Mr. Leighton's other business connections are as follows:
Vice-president of the Chapman National Bank; vice-president of the Cumberland Loan and Building Association, and director of the Mercantile Trust Company. Mr. Leighton's financial interests, his success in the management of his own business and that of others, his high moral character and genial manner, attracted the attention of his fellow citizens, and for years he has been prominent in the public affairs of the city of Portland.
Raised by a father who was an Abolitionist and a Republican, Adam P. Leighton kept the faith of his father, and has always been a stalwart adherent to the teachings of Lincoln and the founders of the party. In the nineties his political career began. He was elected to the common council, representing ward seven for three successive years, 1891-92-93. At the expiration of his term in the council, he was chosen by Mayor Baxter as the Republican member of the newly authorized street commission, a non-partisan body composed of one Republican, one Democrat, and the city engineer as chairman. In 1896 Mr. Leighton was elected alderman from ward seven, and again returned to that body in 1897. In his labors in the city government he was attentive to his duties and recognized as a power for wise action and good government. In the years between his retirement and 1907 he was busy with his many business interests, but not unmindful of the affairs of the city, keeping well informed of all that was going on in municipal affairs. In 1907 he was solicited to become the candidate of his party for mayor, and acceded to the desire of his friends in that matter. At the following election, Dec., 1907, he was elected by a handsome majority, and in the conduct of the city's affairs since his inauguration, Dec. 9, 1907, he has made an enviable record.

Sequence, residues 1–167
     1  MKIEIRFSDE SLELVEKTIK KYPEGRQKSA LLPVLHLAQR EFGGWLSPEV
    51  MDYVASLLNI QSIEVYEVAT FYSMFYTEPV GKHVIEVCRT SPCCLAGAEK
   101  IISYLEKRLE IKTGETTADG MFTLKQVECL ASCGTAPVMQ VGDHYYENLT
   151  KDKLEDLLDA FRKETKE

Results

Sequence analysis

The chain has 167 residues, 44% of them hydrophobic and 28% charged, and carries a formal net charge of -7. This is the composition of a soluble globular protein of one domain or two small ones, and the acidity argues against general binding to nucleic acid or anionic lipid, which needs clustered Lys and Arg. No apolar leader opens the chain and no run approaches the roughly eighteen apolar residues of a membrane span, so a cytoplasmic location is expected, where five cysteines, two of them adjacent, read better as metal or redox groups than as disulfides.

He is a member and has served as president of the Portland Club; is a member of Atlantic Lodge, No. 81, Free and Accepted Masons; Greenleaf Royal Arch Chapter, No. 13; Portland Council, No. 1, Royal and Select Masters; and Portland Commandery, No. 2, Knights Templar. He is also a member of Bramhall Lodge, No. 3, Knights of Pythias, and is a charter member of the Pythian League. He worships at the State Street Congregational Church.
Adam P. Leighton married, in Portland, June 30, 1873, Isadore M., born Aug. 9, 1852, daughter of Alonzo and Mary (Dodge) Butler, of Portland.
1. Nettie May, married Dec. 27, 1900, Dr. T. W. Luce, of Portsmouth, N. H.; two children: Isadore and Emily.
2. - 4. Carlton B., Hugh C. and Adam P. Jr.